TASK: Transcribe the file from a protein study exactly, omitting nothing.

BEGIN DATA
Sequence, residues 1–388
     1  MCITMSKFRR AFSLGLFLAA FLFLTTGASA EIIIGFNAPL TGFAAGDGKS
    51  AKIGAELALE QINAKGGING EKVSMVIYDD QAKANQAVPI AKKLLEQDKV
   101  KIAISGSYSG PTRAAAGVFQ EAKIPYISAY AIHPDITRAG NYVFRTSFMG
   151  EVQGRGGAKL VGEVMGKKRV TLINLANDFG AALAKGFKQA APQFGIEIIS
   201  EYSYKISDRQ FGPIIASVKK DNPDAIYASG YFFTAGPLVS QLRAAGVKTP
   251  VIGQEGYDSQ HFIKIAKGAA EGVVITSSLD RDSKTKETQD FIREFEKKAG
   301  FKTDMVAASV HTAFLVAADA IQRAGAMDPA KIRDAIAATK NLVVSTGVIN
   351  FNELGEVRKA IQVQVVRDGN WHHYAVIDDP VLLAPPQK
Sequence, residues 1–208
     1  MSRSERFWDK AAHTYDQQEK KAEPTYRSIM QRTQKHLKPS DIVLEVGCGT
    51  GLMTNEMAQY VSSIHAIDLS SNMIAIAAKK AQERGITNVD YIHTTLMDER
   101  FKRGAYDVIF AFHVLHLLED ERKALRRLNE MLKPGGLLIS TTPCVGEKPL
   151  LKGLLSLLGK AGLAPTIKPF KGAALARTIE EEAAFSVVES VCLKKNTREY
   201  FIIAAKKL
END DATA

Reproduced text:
Sequence, residues 1–388
     1  MCITMSKFRR AFSLGLFLAA FLFLTTGASA EIIIGFNAPL TGFAAGDGKS
    51  AKIGAELALE QINAKGGING EKVSMVIYDD QAKANQAVPI AKKLLEQDKV
   101  KIAISGSYSG PTRAAAGVFQ EAKIPYISAY AIHPDITRAG NYVFRTSFMG
   151  EVQGRGGAKL VGEVMGKKRV TLINLANDFG AALAKGFKQA APQFGIEIIS
   201  EYSYKISDRQ FGPIIASVKK DNPDAIYASG YFFTAGPLVS QLRAAGVKTP
   251  VIGQEGYDSQ HFIKIAKGAA EGVVITSSLD RDSKTKETQD FIREFEKKAG
   301  FKTDMVAASV HTAFLVAADA IQRAGAMDPA KIRDAIAATK NLVVSTGVIN
   351  FNELGEVRKA IQVQVVRDGN WHHYAVIDDP VLLAPPQK
Sequence, residues 1–208
     1  MSRSERFWDK AAHTYDQQEK KAEPTYRSIM QRTQKHLKPS DIVLEVGCGT
    51  GLMTNEMAQY VSSIHAIDLS SNMIAIAAKK AQERGITNVD YIHTTLMDER
   101  FKRGAYDVIF AFHVLHLLED ERKALRRLNE MLKPGGLLIS TTPCVGEKPL
   151  LKGLLSLLGK AGLAPTIKPF KGAALARTIE EEAAFSVVES VCLKKNTREY
   201  FIIAAKKL